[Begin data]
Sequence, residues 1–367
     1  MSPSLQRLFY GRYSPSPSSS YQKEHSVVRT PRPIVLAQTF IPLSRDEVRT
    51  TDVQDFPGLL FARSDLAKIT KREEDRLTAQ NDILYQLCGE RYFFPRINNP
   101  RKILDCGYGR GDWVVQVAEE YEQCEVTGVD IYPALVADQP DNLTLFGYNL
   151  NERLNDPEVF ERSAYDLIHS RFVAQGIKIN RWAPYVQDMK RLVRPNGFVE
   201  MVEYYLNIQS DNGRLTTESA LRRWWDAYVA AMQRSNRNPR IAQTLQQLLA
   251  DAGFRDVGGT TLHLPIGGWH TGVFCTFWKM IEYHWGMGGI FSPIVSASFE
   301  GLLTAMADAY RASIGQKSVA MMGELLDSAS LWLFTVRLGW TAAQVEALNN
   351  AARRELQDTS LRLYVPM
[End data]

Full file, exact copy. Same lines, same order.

Sequence, residues 1–367
     1  MSPSLQRLFY GRYSPSPSSS YQKEHSVVRT PRPIVLAQTF IPLSRDEVRT
    51  TDVQDFPGLL FARSDLAKIT KREEDRLTAQ NDILYQLCGE RYFFPRINNP
   101  RKILDCGYGR GDWVVQVAEE YEQCEVTGVD IYPALVADQP DNLTLFGYNL
   151  NERLNDPEVF ERSAYDLIHS RFVAQGIKIN RWAPYVQDMK RLVRPNGFVE
   201  MVEYYLNIQS DNGRLTTESA LRRWWDAYVA AMQRSNRNPR IAQTLQQLLA
   251  DAGFRDVGGT TLHLPIGGWH TGVFCTFWKM IEYHWGMGGI FSPIVSASFE
   301  GLLTAMADAY RASIGQKSVA MMGELLDSAS LWLFTVRLGW TAAQVEALNN
   351  AARRELQDTS LRLYVPM